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Dichronauts by [Egan, Greg]
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Dichronauts Kindle Edition

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Kindle Edition, 31 Mar 2017
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Length: 312 pages Word Wise: Enabled Enhanced Typesetting: Enabled
Page Flip: Enabled Audible Narration:
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Language: English

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Product Description

Seth is a surveyor, along with his friend Theo, a leech-like creature running through his skull who tells Seth what lies to his left and right. Theo, in turn, relies on Seth for mobility, and for ordinary vision looking forwards and backwards. Like everyone else in their world, they are symbionts, depending on each other to survive.

In the universe containing Seth’s world, light cannot travel in all directions: there is a “dark cone” to the north and south. Seth can only face to the east (or the west, if he tips his head backwards). If he starts to turn to the north or south, his body stretches out across the landscape, and to rotate to face north-east is every bit as impossible as accelerating to the speed of light.

Every living thing in Seth’s world is in a state of perpetual migration as they follow the sun’s shifting orbit and the narrow habitable zone it creates. Cities are being constantly disassembled at one edge and rebuilt at the other, with surveyors mapping safe routes ahead.

But when Seth and Theo join an expedition to the edge of the habitable zone, they discover a terrifying threat: a fissure in the surface of the world, so deep and wide that no one can perceive its limits. As the habitable zone continues to move, the migration will soon be blocked by this unbridgeable void, and the expedition has only one option to save its city from annihilation: descend into the unknown.

Product details

  • Format: Kindle Edition
  • File Size: 3576 KB
  • Print Length: 312 pages
  • Simultaneous Device Usage: Unlimited
  • Publisher: Greg Egan (31 March 2017)
  • Sold by: Amazon Australia Services, Inc.
  • Language: English
  • Text-to-Speech: Enabled
  • X-Ray:
  • Word Wise: Enabled
  • Screen Reader: Supported
  • Enhanced Typesetting: Enabled
  • Average Customer Review: Be the first to review this item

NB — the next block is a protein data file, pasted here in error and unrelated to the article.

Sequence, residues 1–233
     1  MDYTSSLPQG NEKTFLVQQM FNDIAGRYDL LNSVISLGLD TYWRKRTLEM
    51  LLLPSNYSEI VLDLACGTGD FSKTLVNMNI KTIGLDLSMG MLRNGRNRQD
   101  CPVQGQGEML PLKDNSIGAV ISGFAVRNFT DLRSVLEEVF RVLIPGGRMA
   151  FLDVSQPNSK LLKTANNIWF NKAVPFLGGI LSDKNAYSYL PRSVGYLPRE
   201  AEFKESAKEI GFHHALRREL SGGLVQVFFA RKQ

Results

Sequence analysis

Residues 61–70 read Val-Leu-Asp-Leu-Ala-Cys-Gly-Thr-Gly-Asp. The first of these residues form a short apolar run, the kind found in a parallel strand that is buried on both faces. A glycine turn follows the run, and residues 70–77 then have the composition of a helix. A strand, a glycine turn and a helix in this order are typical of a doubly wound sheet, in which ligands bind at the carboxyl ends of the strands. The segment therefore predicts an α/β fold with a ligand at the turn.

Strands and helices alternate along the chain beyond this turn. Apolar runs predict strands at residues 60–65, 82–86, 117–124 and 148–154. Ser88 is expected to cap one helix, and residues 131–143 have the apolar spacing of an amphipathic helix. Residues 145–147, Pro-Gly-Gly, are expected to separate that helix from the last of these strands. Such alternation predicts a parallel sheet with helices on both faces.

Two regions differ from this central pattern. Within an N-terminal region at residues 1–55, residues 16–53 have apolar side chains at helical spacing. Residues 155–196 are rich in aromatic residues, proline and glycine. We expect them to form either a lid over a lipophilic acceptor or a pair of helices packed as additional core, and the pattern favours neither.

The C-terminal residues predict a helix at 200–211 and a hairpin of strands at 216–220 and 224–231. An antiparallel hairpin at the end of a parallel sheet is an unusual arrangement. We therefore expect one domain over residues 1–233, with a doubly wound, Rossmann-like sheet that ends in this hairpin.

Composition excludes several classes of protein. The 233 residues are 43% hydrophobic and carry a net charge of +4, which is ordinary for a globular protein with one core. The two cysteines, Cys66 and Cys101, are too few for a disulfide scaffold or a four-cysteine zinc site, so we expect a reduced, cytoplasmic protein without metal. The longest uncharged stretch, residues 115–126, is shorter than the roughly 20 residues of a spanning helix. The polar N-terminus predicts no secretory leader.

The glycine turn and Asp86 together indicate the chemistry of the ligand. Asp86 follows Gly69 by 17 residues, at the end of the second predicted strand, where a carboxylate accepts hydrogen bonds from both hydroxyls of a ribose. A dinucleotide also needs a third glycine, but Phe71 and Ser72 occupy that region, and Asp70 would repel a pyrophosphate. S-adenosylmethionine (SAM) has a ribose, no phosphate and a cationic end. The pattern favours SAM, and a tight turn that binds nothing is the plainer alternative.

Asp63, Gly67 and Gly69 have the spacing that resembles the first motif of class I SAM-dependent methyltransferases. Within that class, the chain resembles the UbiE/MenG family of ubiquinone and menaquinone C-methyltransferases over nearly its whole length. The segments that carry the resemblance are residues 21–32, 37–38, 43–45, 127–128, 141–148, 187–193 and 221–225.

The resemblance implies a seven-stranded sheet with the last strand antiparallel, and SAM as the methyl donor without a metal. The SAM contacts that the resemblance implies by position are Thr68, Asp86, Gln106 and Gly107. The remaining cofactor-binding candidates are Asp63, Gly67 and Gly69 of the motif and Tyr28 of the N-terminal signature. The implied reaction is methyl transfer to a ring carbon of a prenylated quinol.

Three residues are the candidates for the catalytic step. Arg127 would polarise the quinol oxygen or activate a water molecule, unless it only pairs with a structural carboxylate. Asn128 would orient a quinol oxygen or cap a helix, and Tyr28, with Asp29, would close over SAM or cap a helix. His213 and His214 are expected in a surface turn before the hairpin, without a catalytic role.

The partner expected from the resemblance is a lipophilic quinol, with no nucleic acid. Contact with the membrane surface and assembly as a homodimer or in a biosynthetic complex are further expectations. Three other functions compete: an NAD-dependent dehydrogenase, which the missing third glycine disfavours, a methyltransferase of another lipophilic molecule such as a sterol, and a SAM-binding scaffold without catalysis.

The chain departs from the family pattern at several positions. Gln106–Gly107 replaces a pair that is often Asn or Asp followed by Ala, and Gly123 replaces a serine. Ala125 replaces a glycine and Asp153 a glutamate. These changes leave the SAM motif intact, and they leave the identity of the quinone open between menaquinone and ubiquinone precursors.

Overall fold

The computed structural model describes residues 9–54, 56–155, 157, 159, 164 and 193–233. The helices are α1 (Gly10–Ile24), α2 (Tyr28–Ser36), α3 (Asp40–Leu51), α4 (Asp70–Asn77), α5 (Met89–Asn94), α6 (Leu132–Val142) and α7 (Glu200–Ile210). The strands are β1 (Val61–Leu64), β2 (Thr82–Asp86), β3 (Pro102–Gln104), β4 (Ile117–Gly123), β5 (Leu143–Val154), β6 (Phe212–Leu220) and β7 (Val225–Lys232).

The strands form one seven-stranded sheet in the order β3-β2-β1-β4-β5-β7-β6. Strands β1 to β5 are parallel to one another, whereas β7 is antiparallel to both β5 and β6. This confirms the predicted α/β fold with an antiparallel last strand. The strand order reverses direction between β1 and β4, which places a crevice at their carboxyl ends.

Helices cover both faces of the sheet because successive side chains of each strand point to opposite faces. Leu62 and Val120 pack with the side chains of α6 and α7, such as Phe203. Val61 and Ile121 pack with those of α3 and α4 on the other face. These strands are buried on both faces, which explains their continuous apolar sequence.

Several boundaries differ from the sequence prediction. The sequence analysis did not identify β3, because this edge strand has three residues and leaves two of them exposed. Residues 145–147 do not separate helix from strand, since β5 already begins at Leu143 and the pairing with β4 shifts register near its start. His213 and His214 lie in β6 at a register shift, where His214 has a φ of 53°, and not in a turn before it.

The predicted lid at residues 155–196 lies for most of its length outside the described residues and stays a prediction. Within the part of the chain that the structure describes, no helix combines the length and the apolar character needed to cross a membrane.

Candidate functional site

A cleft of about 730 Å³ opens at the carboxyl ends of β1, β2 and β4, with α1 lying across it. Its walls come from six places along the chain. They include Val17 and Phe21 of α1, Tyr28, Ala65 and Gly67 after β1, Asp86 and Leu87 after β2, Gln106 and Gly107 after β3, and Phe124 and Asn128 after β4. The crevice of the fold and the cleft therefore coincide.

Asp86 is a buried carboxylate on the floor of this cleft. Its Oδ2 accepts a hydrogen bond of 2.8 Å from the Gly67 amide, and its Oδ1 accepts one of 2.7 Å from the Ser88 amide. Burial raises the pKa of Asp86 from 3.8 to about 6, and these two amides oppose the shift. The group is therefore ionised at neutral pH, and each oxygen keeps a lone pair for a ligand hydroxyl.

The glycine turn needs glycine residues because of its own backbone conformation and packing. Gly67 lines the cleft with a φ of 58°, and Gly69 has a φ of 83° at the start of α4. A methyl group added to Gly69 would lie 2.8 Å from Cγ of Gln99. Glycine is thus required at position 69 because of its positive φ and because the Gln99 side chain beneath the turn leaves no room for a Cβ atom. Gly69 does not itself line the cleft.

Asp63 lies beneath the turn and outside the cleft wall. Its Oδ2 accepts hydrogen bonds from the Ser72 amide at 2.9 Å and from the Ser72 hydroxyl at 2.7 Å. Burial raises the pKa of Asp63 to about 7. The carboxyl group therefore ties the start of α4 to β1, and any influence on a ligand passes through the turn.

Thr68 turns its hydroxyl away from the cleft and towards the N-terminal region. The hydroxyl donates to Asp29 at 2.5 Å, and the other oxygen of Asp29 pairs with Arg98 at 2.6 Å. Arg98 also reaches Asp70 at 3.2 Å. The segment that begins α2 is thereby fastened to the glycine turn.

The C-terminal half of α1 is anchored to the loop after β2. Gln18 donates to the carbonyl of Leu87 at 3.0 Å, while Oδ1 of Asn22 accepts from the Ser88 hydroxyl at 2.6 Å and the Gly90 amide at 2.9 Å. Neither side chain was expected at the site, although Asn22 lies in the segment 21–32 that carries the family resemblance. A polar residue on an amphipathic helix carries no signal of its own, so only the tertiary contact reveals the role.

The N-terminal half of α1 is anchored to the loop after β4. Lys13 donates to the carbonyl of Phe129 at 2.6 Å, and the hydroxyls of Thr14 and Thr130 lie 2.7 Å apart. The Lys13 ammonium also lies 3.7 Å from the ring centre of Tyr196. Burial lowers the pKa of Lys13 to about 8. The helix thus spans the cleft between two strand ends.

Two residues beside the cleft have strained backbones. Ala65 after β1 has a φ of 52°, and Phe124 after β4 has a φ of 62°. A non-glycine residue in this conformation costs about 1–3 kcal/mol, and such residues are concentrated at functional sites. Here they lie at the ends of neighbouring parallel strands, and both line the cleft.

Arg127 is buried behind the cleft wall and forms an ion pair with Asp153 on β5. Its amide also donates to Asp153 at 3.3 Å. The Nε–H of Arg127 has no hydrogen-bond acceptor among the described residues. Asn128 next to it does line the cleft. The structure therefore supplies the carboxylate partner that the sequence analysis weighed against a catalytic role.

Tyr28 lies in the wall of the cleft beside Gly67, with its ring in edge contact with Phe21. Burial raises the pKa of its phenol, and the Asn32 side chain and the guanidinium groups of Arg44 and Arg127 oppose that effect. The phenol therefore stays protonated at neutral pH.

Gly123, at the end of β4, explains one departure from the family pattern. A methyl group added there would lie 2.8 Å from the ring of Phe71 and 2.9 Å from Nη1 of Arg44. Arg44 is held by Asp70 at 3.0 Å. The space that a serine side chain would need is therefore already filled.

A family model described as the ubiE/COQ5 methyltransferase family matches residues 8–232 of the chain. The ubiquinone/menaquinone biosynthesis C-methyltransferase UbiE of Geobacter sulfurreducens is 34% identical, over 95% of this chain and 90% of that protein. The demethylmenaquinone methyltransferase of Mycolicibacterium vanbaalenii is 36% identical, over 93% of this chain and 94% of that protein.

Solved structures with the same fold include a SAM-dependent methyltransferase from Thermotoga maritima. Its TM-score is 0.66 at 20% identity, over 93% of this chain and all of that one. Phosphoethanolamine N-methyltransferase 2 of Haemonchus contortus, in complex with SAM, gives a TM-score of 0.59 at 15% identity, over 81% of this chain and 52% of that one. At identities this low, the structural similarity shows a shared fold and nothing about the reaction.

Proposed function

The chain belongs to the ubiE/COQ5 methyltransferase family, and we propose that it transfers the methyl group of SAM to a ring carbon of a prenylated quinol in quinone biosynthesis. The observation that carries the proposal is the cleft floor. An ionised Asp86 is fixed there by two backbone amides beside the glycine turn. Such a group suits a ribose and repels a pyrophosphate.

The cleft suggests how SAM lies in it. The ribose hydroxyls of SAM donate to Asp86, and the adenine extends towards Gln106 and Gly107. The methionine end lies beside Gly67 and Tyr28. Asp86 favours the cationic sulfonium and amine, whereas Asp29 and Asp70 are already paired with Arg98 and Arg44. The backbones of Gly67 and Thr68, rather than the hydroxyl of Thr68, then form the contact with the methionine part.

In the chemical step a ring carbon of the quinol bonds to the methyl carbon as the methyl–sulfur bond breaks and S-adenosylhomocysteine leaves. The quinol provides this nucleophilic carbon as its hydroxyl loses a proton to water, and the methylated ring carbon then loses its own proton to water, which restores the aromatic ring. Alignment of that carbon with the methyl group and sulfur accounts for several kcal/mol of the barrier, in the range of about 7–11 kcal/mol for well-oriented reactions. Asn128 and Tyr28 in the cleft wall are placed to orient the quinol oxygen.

• Amazon Bestsellers Rank: #32,568 Paid in Kindle Store (See Top 100 Paid in Kindle Store)
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Most Helpful Customer Reviews on (beta) (May include reviews from Early Reviewer Rewards Program) 5.0 out of 5 stars 2 reviews
6 of 7 people found the following review helpful
5.0 out of 5 stars Genius 8 May 2017
By Liviu Vanoaica - Published on
Format: Kindle Edition Verified Purchase
Genius, as always. Don't hesitate to read​ some introductory material before reading the novel, it will help a lot and save a lot of frustration.
14 of 14 people found the following review helpful
5.0 out of 5 stars World-building at its finest 28 May 2017
By pgcd - Published on
Format: Kindle Edition Verified Purchase
First off, the usual disclaimer: I believe Greg Egan to be the absolute apex in the "science" chain of hard science fiction - his ideas are always one (or a dozen) steps ahead of anything I've read by any other author, and his world-building is stunning.
"Dichronauts" is no exception: choosing to set a novel in a universe with very different rules from our own is a long and respected tradition but the care and depth of analysis you'll find here is not as common. Of course, since it's not a treatise but a novel, Egan had to take some (several) shortcuts - the protagonists are explicitly tasked to explore and explain their world, which leads to more pages of exposition than I'd probably like, and there are occasions when their inner monologue (or conversation) have a slightly off-putting "As you know, Bob" tone. On the other hand, without information like this the reader would have to spend half the time consulting Egan's webpage to understand what's going on, so I feel the tradeoff is more than justified. As a side note: I strongly recommend doing that anyway, because the images and animations in the site's section dedicated to "Dichronauts" are rather useful for those of us who cannot easily visualize the consequences of having two time-like dimensions.

From a "literary" standpoint, the style is pretty much what readers of Egan are used to - clear, succinct prose with very few unneeded sentences - so I would say that appreciating his previous work is a rather solid indicator of whether you'll like this one. The converse is also true, unfortunately: if you don't like his pragmatic approach to character development, or his tendency to veer off into scientific discourse when you least expect it, you probably won't like this.

One final note: in more than one page it's easy to read between the lines and find socio-political commentary on the issues and subjects that Egan has explored in the past: (im)migration, reaction to and acceptance of different cultures, self and personality and so on. Given the colossal differences between "Dichronauts"' universe and ours, though, it's rather hard to understand when that's a deliberate choice by the author and when it's just me projecting.
In other words, while it's tempting to read "Dichronauts" as a super-charged Flatland, I feel like that would be doing a disservice to both: reading it as a stunningly in-depth documentary set in a majestically ambitious thought experiment is probably the right choice.

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